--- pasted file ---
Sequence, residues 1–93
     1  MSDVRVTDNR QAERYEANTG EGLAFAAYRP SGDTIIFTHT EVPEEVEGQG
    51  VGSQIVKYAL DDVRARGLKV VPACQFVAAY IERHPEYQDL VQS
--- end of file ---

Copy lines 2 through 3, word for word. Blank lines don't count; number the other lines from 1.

     1  MSDVRVTDNR QAERYEANTG EGLAFAAYRP SGDTIIFTHT EVPEEVEGQG
    51  VGSQIVKYAL DDVRARGLKV VPACQFVAAY IERHPEYQDL VQS